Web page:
About Achlys – Goddess of Misery in Greek Mythology
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Most of us are familiar with the major Olympian Gods and Goddesses of Greek mythology. Many of the stories center around these major deities, but there is a lot more to the Greek myths than that! Achlys is an example of a goddess that few know about, but she does have a place in some of the stories. She is considered to be a primordial goddesses and is known to represent both misery and sadness. Here’s more information about her:
Get to Know Achlys
As mentioned above, Achlys was not an Olympic god but a primordial spirit (daimona) who existed before the Titans and the Olympians warred for control of the world. There are two possibilities for her origin. According to some of the oldest cosmogonies, she was the Eternal Night that existed even before Chaos, from whom all other primordial beings descended. This origin story would make her the most ancient of the gods.
Alternatively, Achlys was the daughter of Nyx, the primordial goddess of the night. Nyx birthed a number of dark spirits, including the three Fates, the Hesperides, and the Keres. Since Achlys has been depicted alongside the Keres, she may also have been a daughter of Nyx, but this possibility is not confirmed anywhere.
Description of Achlys
Achlys is an unpleasant figure in all descriptions, which is unsurprising for a goddess known to represent sadness. According to Hesoid, she was pictured on the shield of Heracles. Hesiod’s poem describes the shield in detail. It features Fear and Strife with many figures from the Greek pantheon, such as Zeus and Ares. Achlys appears alongside the Keres as a starving, dusty, weeping woman. Blood covers her pale cheeks, and she grins painfully even as the tears drip off of her nose.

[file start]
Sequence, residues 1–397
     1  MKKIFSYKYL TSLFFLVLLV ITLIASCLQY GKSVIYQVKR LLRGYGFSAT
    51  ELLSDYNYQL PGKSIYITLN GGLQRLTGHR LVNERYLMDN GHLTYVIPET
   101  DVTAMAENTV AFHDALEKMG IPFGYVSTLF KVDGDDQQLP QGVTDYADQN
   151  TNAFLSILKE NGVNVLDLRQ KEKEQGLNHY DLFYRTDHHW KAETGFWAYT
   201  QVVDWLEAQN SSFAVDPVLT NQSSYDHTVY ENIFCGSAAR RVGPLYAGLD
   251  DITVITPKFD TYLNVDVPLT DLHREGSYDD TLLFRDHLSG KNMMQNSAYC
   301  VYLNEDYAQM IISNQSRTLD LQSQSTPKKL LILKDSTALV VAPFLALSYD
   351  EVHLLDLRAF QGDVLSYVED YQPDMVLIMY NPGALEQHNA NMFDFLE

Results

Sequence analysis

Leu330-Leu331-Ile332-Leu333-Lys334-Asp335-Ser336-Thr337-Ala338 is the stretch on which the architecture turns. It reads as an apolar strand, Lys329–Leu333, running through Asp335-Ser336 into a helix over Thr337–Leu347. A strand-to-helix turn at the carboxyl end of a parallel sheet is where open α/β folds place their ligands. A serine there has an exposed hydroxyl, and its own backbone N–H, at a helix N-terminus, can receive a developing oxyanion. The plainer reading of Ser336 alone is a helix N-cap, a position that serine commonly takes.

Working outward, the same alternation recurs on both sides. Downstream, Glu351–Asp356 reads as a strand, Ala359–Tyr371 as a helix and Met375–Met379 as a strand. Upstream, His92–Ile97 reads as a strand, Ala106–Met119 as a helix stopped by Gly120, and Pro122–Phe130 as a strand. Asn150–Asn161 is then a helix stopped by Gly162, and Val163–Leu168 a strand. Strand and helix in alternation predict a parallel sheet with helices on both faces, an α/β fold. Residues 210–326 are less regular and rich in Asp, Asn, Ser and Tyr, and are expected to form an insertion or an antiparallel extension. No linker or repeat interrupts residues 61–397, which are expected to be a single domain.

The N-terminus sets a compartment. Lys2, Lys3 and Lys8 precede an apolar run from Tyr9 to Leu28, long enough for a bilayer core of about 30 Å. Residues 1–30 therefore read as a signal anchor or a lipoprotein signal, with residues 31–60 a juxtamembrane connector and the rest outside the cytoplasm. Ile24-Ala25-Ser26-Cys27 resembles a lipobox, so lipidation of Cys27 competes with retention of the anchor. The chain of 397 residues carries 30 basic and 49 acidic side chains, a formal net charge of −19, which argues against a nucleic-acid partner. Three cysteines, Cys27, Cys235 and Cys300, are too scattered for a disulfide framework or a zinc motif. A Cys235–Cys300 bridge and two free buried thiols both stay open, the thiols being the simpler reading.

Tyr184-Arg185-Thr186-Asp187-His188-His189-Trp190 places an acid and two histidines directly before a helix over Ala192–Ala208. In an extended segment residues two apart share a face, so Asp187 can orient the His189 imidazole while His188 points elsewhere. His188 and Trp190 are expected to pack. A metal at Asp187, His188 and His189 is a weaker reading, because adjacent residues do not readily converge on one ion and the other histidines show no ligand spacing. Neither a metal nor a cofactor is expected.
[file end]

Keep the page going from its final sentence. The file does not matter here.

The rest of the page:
In addition to being the spirit of misery and sadness, Achlys may have been the goddess of deadly poisons. Another ancient writer, Nonnus, recounts how Hera (the Olympian queen of the gods) went to Achlys for poisonous flowers that turned the nurses of Dionysus into horned centaurs.
Achlys in Literature
Hesiod’s account from the Shield of Heracles is chilling: “And beside the (the Keres and the Fates) was standing Akhlys, dismal and dejected, green and pale, dirty-dry, fallen in on herself with hunger, knee-swollen, and the nails were grown long on her hands, and from her nostrils the drip kept running, and off her cheeks the blood dribbled to the ground, and she stood there, grinning forever, and the dust that had gathered and lay in heaps on her shoulders was muddy with tears.”
Nonnus’s account from the Dionysiaca gives a different interpretation: “[Hera] procured from Thessalian Akhlys treacherous flowers of the field, and shed a sleep of enchantment over their heads; she distilled poisoned drugs over their hair, she smeared a subtle magical ointment over their faces, and changed their earlier human shape.”
Achlys was the goddess of misery and sadness in Greek mythology. She was a primordial spirit who may have existed before Chaos or been birthed by Nyx. She appears in two key sources, Hesiod’s The Shield of Heracles and Nonnus’s Dionysiaca.
Categorized in: Greek Mythology
This post was written by Greek Boston